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Comment: Re:"principles our nation was founded on" (Score 1) 926

You won't find those exact words; however, you will find this:

but no religious Test shall ever be required as a Qualification to any Office or public Trust under the United States.

If there was a state religion, or if religion were not required to be separate from the state, there would, indeed, be religious tests applicable.

Of course, the Constitution also still contains provisions on how to count slaves for purposes of allocating Congress.

Comment: Tom Clancy strikes again (Score 1) 339

Tom Clancy published 'The Sum of All Fears' in 1991. In the afterword, he mentions how it was frighteningly easy to piece together, from public domain data, how to build a multistage thermonuclear bomb. How he was couriered design specs for fabrication devices for the asking. How he felt the need to obfuscate some details, even though he knew there was no point, just to assuage his conscience.

As he points out, it's physics, and it's engineering.

Comment: Re:You want security? Start with the OS. (Score 1) 237

Today, the computer utility concept has returned [13], but todayâ(TM)s operating systems are not even up to the level of security that Multics offered in the early 1970s, let alone the level needed for a modern computer utility. There has been work on security for Computational Grids

Because the Multics security enhancements, including mandatory access controls, were shipped to ALL customers, this meant that the designers of applications had to make sure that their applications worked properly with those controls. By contrast, many application developers for other systems with optional security enhancements donâ(TM)t even know that the security enhancement options exist,

Of course vulnerabilities remain. But when you're deliberately aiming for a secure *system*, they're a lot less impactful. Kinda like how turning ASLR on simply nullifies entire classes of vulnerabilities. MULTICS, according to your paper, didn't have problems with buffer overflows. Thirty years ago, this was a solved problem. Why is it an ongoing problem now?

One of the most common types of security penetrations today is the buffer overflow [6]. However, when you look at the published history of Multics security problems [20, 28-30], you find essentially no buffer overflows. Multics generally did not suffer from buffer overflows, both because of the choice of implementation language and because of the use of several hardware features. These hardware and software features did not make buffer overflows impossible,

And so on and so forth.

Comment: Re:You want security? Start with the OS. (Score 1) 237

Why is it so hard to write secure software?

Really, it isn't. The problem is that 'secure software' is exactly one piece of the puzzle that is 'a secure system.'

Securing your software, but not your OS, your hardware, your physicals, and your users, is kinda like having a highquality steel security door, unpickable deadlock, and so on, on your house, right beside a bog-standard window.

Remember, UNIX started out as 'MULTICS with all of the annoying security stuff stripped out.' Literally a castrated version of MULTICS.

Comment: Re:this is why i read slashdot (Score 1) 252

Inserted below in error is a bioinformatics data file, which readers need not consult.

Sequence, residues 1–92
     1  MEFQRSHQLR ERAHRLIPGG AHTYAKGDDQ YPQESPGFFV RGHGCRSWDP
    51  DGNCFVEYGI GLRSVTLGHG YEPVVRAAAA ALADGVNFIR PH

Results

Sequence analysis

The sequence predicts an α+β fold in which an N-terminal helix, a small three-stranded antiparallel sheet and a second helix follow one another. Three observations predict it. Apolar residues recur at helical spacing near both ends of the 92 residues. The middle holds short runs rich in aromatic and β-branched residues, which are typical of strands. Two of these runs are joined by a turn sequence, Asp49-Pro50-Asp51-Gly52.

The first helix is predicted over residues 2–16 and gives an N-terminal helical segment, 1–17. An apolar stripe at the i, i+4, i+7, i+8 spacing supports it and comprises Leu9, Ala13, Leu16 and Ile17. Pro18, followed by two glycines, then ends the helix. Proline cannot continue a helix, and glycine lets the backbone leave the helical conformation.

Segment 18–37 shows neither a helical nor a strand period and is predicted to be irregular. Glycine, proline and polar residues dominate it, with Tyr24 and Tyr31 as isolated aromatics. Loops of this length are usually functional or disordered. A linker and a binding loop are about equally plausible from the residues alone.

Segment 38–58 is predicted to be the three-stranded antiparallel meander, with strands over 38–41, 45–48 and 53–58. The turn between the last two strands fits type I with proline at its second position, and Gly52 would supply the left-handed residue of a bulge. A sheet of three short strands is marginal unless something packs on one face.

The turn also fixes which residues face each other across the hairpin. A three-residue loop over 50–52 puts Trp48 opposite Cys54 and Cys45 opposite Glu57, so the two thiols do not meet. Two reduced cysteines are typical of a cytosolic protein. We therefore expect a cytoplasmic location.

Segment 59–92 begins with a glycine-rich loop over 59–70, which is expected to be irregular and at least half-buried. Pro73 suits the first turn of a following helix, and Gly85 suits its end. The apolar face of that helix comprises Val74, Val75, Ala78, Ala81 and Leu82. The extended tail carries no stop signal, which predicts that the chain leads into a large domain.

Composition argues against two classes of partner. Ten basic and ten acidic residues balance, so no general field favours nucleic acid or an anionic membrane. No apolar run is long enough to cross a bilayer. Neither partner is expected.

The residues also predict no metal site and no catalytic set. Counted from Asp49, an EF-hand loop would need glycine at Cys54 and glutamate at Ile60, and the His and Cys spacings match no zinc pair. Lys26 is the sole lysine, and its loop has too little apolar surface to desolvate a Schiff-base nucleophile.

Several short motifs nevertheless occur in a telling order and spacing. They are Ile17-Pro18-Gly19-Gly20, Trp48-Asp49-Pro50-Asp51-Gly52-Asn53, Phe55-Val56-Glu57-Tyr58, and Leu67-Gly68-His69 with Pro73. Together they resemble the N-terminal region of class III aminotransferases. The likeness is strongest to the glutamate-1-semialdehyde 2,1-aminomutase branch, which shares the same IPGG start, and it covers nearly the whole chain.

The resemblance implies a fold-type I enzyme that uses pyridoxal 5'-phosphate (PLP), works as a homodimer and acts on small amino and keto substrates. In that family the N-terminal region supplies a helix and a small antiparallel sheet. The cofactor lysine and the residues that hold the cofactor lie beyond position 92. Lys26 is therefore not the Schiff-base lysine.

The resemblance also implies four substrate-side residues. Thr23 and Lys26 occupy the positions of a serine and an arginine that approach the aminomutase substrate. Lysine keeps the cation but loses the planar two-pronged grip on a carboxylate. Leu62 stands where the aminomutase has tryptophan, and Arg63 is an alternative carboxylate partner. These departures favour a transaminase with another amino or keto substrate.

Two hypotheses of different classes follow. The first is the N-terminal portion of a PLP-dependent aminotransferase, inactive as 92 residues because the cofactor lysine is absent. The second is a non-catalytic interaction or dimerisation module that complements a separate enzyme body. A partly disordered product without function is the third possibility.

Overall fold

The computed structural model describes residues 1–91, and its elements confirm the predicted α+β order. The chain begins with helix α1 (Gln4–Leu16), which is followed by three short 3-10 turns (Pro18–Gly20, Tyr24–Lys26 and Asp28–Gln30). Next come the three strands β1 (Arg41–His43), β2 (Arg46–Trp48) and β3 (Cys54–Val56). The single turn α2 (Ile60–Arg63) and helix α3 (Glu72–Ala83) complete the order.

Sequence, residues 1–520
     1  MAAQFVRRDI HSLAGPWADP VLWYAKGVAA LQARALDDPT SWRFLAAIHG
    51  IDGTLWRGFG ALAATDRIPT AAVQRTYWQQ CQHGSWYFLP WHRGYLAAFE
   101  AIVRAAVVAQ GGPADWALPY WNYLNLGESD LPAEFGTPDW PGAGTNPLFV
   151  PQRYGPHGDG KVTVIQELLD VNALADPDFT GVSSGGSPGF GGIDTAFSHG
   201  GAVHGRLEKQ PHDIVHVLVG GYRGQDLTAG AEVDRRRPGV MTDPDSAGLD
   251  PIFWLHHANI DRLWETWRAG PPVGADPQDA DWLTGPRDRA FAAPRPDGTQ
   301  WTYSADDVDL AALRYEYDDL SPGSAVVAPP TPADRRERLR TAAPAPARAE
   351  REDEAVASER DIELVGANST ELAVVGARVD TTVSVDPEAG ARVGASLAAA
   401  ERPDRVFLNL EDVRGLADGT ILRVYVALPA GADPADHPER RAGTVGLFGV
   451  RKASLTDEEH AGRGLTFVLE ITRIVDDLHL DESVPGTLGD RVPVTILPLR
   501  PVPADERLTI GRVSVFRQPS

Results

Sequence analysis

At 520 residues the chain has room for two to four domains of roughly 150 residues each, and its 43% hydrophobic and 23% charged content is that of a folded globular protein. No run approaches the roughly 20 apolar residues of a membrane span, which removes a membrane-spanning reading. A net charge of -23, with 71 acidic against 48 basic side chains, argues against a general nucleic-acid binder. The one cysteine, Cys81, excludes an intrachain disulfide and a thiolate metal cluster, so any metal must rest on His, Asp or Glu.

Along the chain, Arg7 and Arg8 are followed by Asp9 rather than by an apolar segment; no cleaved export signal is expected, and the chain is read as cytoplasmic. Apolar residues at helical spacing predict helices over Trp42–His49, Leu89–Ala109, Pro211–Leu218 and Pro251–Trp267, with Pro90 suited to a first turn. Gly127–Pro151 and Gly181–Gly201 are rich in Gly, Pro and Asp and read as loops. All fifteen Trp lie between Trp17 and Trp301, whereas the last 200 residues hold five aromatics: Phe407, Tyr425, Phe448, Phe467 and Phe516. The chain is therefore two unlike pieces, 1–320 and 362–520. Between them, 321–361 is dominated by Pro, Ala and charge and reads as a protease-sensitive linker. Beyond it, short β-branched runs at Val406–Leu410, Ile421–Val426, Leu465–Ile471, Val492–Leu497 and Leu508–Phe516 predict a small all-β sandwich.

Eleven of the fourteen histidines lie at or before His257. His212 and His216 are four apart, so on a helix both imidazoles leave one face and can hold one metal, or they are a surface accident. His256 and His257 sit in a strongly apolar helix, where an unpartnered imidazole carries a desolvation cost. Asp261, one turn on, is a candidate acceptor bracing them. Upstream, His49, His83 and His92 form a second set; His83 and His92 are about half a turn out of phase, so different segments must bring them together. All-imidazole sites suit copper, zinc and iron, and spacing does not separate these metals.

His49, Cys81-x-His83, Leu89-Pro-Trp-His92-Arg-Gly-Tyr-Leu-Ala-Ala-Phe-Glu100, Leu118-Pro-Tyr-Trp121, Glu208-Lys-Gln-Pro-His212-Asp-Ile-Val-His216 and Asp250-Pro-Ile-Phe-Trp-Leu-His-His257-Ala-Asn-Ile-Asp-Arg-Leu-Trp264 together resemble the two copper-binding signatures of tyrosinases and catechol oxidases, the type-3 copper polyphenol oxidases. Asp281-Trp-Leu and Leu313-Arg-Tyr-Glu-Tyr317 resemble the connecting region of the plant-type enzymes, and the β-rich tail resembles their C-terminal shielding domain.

Once in a while they throw in an argument about programming languages, chumming the waters.

That would be the bit about Windows. Completely irrelevant to the task at hand.

That all said, it's really fucking easy to put a server outside; people do it all the time. Just get an outdoor enclosure with a heater, a fan, and a thermostat. You can even get them rackmount. It's going outside, so solar load won't be an issue, so it's a stupidly easy thing to do. If this thing is going to do nothing but fileserve, it doesn't even have to be much of a computer.

Yes, he'd be better served by getting a Synology diskstation or something similar, installing the Plex package, and being done with it, but whatevs.

Comment: Re:FAKE (Score 2) 80

by SuiteSisterMary (#49240835) Attached to: Watch an Original NES Run Netflix

You don't.

They made an NES program that had a Netflix-like interface, and a fuckton of, basically, static images that were flipbooked onto the screen, and stuck it onto a cartridge. It's like showing somebody a series of screenshots of a website, and claiming to be accessing the website. Or watching an animated GIF clip of a movie, and claiming to be 'streaming the movie.'

That said, the NES did, in fact, have network capabilities. Nothing that was released outside of Japan, admittedly.

Comment: Re:like benghazi (Score 1) 609

by SuiteSisterMary (#49233327) Attached to: Clinton Regrets, But Defends, Use of Family Email Server

There's a difference between 'lets do cultural exchanges between our cities!' and 'Attention foreign government: Don't bother negotiating with our President, cuz we'll do everything we can to sabotage whatever he comes up with.'

Like the man said, whodathunk sitting representatives of the US government would find common cause with Iranian hardliners over their own, elected president?

Comment: Re:Israel got a lot of heat for much lesser offens (Score 2) 340

More importantly to a Canadian, it's section 6 of the Charter of Rights and Freedoms.

Of course, section 8 is the part about being secure from unreasonable search and seizure, which should prevent being asked to give up passwords at the border....

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